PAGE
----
I couldn't help but overhear his conversations. Well, not his conversations, really, his quotes: (These are verbatim.)
"It's nice to meet someone as good looking as I ..." (He really said this. I'm not making it up.)

"I'm visiting from New York. I ..."

"I'll be moving here in September. I ..."

"Well, not New York, originally, but Seattle. I ... "

"I'll be working for the S* B* P*. I ..."

"Oh, then I'll be your supervisor. I ..."
This was when I started to giggle.

When I was his age, I came to New Orleans because I thought, over here, I could begin to be the person I was destined to become: outrageous, common, lovable, smart, artistic, or whatever the hell it was I was meant to be. Sort of like why Faulkner or Tennessee came here. To discover something about themselves that lay hidden and dormant, or forbidden, everywhere else.

I never dreamed I could have come to New Orleans to assume responsibility for anyone else's well-being. To mold a city like clay. I would have found that to be presumptuous.

The thought of it makes me shudder still.

But then, I've been around the block a couple of times since then—and to the Superdome, as well, hanging by my ankles from a festooned trapeze.

People who come here to save the city don't realize that New Orleans is not as malleable as they might think. She's easy, yes. She bends. She'll lean on you.

But she's a self-sufficient whore and so much (so much) stronger than anyone believes, and that's where they go wrong. She has control. She makes the final decisions. And, God knows, she'll outlive us all.

I hope to see that young man that I eavesdropped on tonight in another year or so.

Will he be another Quarter rat, crawling around on all fours, or another Mrs. Grundy clamoring about the noise and the smells and the hours people keep?

Friday, August 17, 2012

Here Comes Mr. Jordan

I hit the streets again last night. What am I turning into?

I took Bobby out to the Allways to catch Leslie Jordan in his one-man-show.

No, I take that back. You cannot call what Mr. Jordan does a "one-man show." He's interacting with too many people in his audience to have you call it that. He is one of those stage performers (and he is a stage performer: there is too much energy radiating from him to be fully contained by any mechanical media) who takes sheer joy in entertaining. Like one of those classic, top-of-the-bill vaudevillians, you get the sense that a very funny man has found his perfect niche on this planet.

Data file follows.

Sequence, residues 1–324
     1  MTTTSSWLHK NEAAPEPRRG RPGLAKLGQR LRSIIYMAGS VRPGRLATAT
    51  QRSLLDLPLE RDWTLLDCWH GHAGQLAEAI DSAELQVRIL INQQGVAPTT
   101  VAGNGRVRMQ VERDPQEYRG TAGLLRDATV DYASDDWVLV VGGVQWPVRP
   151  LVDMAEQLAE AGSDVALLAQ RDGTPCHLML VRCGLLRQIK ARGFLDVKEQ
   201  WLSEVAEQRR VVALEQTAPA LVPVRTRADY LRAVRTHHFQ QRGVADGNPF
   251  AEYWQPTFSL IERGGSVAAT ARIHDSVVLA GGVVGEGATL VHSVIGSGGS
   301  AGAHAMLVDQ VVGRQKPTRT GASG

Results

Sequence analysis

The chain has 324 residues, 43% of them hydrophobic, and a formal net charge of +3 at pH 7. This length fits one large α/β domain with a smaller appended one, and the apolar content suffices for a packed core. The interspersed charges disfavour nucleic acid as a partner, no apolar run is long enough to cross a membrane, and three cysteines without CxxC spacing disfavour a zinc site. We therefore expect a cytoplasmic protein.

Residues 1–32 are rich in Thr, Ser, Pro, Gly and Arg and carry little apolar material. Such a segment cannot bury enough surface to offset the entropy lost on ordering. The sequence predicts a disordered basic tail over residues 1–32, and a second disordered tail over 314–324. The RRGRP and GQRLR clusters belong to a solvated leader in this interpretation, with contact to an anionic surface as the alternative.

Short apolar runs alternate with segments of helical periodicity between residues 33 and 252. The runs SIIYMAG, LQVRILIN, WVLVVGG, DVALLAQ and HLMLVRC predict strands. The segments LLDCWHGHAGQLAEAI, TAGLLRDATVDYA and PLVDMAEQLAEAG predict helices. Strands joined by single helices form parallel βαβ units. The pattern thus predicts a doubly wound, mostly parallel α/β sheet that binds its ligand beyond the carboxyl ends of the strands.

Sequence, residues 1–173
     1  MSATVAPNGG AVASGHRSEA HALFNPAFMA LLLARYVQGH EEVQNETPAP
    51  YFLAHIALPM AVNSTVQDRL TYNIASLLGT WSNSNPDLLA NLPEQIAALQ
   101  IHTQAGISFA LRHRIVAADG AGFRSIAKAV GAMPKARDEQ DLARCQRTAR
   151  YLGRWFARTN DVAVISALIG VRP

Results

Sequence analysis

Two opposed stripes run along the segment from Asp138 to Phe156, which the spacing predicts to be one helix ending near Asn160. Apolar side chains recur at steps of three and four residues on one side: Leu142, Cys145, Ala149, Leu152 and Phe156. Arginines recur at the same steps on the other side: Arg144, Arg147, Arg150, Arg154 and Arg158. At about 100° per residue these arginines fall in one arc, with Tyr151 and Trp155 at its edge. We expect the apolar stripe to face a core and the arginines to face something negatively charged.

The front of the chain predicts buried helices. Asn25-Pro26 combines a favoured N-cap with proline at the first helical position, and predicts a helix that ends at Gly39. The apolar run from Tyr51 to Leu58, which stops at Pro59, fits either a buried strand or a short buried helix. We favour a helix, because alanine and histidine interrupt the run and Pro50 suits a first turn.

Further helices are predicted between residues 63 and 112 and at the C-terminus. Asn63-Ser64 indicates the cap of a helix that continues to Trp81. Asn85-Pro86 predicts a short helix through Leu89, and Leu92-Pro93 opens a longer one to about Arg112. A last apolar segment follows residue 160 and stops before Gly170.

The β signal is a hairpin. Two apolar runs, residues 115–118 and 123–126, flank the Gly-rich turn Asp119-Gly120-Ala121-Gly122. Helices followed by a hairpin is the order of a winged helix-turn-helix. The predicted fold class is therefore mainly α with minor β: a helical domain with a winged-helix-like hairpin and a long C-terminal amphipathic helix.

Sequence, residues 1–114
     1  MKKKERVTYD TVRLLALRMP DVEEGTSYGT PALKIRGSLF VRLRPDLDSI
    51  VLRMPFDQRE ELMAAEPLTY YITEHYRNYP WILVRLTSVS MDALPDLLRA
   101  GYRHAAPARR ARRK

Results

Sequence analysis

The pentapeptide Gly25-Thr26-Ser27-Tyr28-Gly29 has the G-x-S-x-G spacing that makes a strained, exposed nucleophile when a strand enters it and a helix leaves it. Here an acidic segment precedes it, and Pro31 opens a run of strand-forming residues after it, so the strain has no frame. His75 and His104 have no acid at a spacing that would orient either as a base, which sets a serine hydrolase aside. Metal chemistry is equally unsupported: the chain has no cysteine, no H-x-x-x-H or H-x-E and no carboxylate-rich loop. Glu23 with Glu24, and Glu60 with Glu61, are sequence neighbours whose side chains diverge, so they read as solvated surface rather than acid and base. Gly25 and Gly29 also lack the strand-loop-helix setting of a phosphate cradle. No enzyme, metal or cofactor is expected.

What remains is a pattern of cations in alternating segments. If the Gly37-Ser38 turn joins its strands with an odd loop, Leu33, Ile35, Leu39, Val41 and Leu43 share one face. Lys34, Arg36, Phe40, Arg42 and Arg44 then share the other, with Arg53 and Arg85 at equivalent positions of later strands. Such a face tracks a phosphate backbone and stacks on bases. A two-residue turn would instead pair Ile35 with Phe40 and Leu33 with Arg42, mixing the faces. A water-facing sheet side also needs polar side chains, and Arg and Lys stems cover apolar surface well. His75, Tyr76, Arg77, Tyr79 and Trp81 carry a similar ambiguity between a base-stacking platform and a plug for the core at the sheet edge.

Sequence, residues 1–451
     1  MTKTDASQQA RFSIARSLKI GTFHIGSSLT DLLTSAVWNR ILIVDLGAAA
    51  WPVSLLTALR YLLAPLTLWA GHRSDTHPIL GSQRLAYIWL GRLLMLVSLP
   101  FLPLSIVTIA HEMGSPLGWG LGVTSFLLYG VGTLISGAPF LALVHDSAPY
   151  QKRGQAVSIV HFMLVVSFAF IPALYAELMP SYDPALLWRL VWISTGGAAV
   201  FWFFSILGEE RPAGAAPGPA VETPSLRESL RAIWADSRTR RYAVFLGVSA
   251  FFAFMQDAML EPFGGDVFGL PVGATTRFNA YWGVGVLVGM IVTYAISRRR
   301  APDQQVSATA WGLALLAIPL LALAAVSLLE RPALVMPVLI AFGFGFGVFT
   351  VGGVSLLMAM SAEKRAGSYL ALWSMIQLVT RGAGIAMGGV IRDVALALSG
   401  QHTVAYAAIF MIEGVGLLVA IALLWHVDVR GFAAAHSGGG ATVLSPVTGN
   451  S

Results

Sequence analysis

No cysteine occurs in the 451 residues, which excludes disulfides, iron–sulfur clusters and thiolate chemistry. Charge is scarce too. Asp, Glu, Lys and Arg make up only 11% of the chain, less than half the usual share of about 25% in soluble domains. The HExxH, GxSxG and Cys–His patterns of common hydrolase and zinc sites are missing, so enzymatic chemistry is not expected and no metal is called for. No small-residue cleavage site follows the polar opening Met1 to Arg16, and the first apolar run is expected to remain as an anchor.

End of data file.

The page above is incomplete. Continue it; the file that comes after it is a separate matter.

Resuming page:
There's a video on YouTube of a Dick Cavett interview with Noel Coward, Alfred Lunt, and Lynn Fontanne. I can't find it now, but I saw it only recently. What I remember especially is this, that when the Lunts are introduced and come onstage, Alfred Lunt is caught by the applause and stands there frozen like a little boy on a Christmas morning, taking in all his presents jumbled there beneath the tree. He is all smiles and delight. Leslie Jordan is that kind of actor.

Damn me, if there still aren't some of those people who do it for the joy of the thing!

He's going to repeat his show tonight at eight. If my stomach didn't hurt so much from last night's laughs, I'd be tempted to go again, but then I'd be taking a seat from someone else who needs it more than I do by this time.

But you ought to think about it. It's small change laid out for what you get back in return.

Wednesday, August 15, 2012

Them Fugue States Can Really Get to You

I seem to have disappeared for a couple of weeks. I don't mean just from here. I mean totally disappeared. Like I was running on automatic, or maybe not running at all. Maybe I was abducted and probed. I don't know.

But everything's been a hazy bluish-gray for a while.

I do remember taking some pictures, publicity photos, for an upcoming production of a play called Michelangelo's Models, written by Robert Patrick, who was one of the founders of the Off-Off-Broadway theatre movement, of which the St Claude theatre district is a part. (Okay, I kinda made that one up.)

I didn't want to take those pictures. I just didn't want the bother, but the guy who was asking me wouldn't take no for an answer, so I wound up at the Shadowbox Theatre for the photo shoot, and once I was there, it turned into a pretty copacetic evening.

First of all, the cast members who were participating in the shoot were really nice. I've grown a little used to un-nice actors, and rediscovering some of the other kind was a pleasant experience. I knew a few of them. Bob Edes was there. Michael Sullivan. My darling Lyla. Lyla Hay Owen, but "Lyla" is enough. The rest were strangers to me then but not, I hope, forever.

I wound up making some pictures that I like very much. They'll be showing up on My Life in the Quarter over the next couple of weeks. Check them out periodically. You'll probably like them, too.